SF Writers Weigh In on Star Wars
A New York Times article, Episode VII: Revenge of the Writers (free registration required (6)), talks to real, live science fiction writers (as opposed to the fake, dead ones) about Star Wars.
Some interesting quotes:
“Anyone who is a practitioner of science fiction is constantly dogged by the ghettoization of the genre. And a lot of that comes from the very simplistic, 2-D Lucasesque view of what science fiction has to offer.” – Richard K. Morgan
“It started out 30 years behind. Science fiction was doing all sorts of thinking and literary experiments on a totally different plane. Star Wars was just sort of fun. It takes these very stock metaphors of empire in space and monstrously bad people and wonderfully good people and plays out a bunch of stock operatic themes in space suits. You can do it with cowboy suits as well.” – Ursula K. Le Guin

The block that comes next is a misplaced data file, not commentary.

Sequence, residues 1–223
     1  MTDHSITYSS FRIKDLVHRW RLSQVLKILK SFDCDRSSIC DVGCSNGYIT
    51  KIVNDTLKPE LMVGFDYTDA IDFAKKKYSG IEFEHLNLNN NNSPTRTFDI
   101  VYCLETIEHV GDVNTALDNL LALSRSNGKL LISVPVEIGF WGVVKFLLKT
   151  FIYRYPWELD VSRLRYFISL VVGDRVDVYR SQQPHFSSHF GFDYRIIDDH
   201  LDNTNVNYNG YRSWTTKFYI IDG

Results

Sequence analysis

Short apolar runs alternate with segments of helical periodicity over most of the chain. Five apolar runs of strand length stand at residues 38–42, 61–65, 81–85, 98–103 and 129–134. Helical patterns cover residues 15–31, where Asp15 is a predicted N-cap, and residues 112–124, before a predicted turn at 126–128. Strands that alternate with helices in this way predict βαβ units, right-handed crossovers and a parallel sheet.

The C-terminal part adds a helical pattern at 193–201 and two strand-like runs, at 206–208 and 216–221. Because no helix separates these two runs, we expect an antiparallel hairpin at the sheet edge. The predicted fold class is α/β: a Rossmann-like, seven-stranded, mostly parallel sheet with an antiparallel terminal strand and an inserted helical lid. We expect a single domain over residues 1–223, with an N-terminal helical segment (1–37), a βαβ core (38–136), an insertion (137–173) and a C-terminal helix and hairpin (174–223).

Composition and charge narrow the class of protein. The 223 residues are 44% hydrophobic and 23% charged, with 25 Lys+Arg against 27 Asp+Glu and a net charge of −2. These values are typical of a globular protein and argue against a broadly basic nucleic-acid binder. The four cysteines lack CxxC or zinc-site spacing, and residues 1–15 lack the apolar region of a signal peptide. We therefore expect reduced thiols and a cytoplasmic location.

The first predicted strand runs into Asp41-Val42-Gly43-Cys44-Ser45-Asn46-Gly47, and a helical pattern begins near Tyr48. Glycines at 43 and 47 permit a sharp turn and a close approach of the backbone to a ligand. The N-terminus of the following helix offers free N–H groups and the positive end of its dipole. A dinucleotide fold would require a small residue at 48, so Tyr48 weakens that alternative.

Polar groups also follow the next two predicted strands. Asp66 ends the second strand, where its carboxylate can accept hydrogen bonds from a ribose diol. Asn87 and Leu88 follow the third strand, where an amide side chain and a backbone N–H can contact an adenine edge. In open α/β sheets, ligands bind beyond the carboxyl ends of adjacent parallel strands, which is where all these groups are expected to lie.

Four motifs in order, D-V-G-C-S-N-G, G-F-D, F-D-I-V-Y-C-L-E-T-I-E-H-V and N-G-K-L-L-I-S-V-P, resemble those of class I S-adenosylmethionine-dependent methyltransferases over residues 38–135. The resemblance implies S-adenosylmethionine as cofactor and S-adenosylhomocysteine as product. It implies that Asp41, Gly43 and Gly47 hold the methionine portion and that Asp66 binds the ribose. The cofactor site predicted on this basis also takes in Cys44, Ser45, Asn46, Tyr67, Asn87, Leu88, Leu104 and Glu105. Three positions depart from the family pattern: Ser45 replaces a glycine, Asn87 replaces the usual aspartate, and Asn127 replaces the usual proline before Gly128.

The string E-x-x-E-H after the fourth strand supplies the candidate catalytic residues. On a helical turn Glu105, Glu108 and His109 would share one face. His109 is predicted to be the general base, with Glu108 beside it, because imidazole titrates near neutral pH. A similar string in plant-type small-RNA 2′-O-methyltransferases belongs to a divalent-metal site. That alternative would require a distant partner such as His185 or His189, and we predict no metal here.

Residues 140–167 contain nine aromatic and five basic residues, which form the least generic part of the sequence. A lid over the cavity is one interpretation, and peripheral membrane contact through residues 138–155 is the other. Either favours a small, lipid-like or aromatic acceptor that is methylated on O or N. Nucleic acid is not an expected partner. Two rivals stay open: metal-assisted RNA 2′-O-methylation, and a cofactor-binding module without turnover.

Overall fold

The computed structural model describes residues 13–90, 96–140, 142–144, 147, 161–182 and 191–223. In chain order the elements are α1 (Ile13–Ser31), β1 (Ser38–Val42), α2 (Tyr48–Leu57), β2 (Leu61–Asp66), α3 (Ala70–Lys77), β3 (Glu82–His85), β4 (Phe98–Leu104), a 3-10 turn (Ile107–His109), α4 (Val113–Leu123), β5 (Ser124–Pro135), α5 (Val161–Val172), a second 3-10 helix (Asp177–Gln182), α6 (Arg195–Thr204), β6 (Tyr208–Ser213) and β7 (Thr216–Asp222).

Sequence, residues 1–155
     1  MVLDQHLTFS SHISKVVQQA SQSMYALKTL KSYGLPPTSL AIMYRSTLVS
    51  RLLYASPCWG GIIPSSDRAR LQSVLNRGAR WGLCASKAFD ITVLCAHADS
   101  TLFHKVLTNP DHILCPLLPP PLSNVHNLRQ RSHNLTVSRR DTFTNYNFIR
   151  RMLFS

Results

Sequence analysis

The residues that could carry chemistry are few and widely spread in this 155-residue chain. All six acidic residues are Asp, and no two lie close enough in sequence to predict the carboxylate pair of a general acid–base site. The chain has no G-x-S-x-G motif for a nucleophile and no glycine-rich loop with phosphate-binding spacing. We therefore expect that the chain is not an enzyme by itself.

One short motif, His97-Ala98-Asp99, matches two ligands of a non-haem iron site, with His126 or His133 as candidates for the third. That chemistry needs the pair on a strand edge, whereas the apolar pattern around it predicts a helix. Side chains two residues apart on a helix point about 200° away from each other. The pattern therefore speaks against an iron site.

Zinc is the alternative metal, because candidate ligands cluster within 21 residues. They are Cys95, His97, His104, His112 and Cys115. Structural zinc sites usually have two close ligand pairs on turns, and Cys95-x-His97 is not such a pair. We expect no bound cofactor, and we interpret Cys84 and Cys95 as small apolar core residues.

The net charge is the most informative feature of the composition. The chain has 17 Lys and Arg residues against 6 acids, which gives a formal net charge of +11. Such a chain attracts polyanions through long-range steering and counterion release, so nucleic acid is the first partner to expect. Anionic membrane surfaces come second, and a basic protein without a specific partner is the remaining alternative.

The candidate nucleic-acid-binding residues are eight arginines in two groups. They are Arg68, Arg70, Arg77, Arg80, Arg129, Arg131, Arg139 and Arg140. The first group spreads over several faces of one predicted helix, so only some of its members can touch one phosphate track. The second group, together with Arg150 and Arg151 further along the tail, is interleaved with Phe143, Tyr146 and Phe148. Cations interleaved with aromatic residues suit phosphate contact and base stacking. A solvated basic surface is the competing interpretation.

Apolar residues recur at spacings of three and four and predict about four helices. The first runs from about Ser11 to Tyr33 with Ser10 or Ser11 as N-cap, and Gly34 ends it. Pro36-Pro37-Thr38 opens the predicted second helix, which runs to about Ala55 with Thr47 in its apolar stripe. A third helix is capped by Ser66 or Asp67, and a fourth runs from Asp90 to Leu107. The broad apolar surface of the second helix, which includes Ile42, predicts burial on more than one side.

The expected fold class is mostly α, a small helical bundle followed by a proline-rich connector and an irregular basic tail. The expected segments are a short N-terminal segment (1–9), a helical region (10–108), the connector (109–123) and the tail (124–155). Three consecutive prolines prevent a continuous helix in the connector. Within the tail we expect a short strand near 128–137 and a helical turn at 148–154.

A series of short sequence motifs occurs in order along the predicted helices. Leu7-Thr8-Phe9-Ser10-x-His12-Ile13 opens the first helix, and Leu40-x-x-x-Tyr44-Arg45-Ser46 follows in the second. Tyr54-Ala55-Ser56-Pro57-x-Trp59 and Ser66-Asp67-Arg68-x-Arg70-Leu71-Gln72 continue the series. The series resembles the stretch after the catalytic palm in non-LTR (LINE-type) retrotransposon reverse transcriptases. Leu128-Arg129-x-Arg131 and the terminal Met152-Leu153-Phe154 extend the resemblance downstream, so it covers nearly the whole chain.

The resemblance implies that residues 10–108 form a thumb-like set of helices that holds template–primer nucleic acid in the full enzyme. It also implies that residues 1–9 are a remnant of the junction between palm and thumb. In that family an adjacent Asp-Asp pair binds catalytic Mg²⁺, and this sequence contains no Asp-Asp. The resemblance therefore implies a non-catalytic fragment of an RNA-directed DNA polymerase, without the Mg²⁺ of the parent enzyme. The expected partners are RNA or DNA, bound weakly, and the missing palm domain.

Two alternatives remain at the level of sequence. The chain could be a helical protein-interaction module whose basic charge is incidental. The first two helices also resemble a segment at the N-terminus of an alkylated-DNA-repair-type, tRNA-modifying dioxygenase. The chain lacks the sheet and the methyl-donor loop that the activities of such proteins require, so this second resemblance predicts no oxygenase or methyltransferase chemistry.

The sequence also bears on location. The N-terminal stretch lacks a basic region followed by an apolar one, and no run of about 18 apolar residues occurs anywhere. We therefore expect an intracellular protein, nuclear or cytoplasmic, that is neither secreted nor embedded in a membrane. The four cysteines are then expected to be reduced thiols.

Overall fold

[Ray Bradbury said that the end of "Star Wars" was long overdue. Mr. Lucas should have quit while he was ahead.] “The problem was he made a sequel. People have tried to get me to do a sequel to The Martian Chronicles, but I’ve never done it. Sequels are a bad idea.” – Ray Bradbury
“I fell asleep during the third one, when they brought out the Care Bears” – Mary Doria Russell
Richard K. Morgan also goes on to say the Blade Runner is one of the best movies ever made. “You’ve got the gun battles and all that stuff but the movie is very much about internal factors, like robots yearning to be humans. And even now, 20 years later, it still looks like the future. That’s a neat trick.”
[Link via Fred @ EternalGoldenFanboy...er...I mean EternalGoldenBraid ]
Filed under: Star Wars
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